Published online by Cambridge University Press: 16 December 2020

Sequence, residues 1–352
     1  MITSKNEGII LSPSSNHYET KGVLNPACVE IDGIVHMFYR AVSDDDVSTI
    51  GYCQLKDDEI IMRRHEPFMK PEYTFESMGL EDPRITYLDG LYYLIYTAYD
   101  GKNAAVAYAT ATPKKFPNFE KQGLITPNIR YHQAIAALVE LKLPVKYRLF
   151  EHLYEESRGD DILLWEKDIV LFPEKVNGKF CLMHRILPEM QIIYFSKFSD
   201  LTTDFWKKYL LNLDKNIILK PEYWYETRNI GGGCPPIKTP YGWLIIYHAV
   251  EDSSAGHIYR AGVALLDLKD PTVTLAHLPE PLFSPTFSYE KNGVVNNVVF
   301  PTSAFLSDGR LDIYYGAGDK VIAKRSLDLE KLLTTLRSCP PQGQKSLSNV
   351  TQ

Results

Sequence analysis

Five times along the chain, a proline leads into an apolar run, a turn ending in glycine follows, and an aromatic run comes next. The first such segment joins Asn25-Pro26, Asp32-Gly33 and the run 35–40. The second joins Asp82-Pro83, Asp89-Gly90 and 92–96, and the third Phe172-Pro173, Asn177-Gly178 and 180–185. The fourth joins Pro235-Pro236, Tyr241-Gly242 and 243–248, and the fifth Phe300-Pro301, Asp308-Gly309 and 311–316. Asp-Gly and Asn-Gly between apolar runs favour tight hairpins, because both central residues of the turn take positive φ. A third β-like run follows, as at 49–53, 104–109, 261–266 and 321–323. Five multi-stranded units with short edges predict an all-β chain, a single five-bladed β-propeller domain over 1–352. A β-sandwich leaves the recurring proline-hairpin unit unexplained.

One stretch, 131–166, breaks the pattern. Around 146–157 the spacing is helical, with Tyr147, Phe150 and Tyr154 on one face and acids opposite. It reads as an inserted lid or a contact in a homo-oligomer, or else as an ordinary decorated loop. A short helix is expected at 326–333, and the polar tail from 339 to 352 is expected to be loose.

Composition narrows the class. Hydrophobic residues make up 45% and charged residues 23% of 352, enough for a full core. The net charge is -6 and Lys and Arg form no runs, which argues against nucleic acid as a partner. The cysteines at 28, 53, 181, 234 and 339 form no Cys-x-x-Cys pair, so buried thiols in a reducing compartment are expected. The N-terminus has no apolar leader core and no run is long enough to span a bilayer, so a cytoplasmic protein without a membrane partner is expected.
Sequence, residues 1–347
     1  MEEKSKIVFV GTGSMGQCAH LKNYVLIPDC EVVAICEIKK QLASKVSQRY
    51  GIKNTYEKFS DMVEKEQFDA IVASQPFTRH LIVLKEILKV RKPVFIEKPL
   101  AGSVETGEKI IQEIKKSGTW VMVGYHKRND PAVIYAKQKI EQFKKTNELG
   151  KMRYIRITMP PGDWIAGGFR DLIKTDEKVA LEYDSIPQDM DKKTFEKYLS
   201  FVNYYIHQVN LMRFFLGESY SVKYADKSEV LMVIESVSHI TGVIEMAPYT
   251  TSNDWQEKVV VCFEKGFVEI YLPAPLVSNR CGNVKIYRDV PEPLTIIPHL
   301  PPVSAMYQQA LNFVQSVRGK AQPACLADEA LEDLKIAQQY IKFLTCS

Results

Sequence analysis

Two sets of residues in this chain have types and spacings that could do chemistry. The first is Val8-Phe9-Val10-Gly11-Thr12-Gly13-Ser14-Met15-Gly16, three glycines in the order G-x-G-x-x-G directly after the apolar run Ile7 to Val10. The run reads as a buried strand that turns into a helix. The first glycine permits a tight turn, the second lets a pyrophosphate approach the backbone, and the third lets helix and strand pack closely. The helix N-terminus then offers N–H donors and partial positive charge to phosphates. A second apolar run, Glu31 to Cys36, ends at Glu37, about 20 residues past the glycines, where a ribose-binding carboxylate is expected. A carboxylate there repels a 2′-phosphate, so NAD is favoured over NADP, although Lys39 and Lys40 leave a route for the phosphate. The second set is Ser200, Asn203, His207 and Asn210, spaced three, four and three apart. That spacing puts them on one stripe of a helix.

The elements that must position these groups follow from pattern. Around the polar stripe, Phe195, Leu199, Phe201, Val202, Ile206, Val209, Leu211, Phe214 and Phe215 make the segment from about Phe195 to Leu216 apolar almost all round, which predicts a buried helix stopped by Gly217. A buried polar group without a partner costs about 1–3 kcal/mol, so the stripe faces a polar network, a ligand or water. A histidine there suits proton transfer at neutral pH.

The routes of Caribbean interactions with Africa during the 1950s and 1960s were several and varied: not only did Africa appear in the literature as forms and interrogations of an ideological homeland, but African and Caribbean writers met on European soil, exchanged ideas in conversations with each other, and became part of literary projects fostered through European universities and publishers. During this period, many writers and scholars from across the Caribbean region moved to the newly independent African countries, and engaged with the cultures in their writing and professional and personal lives. Conversely, many African writers turned to the Caribbean for models of how to engage with the cultures of colonialism and their afterlife. This chapter examines the pilgrimage of identity and diaspora enacted through the African–Caribbean connection, the new literary movements that it generated, as well as the shared project of political and cultural decolonization.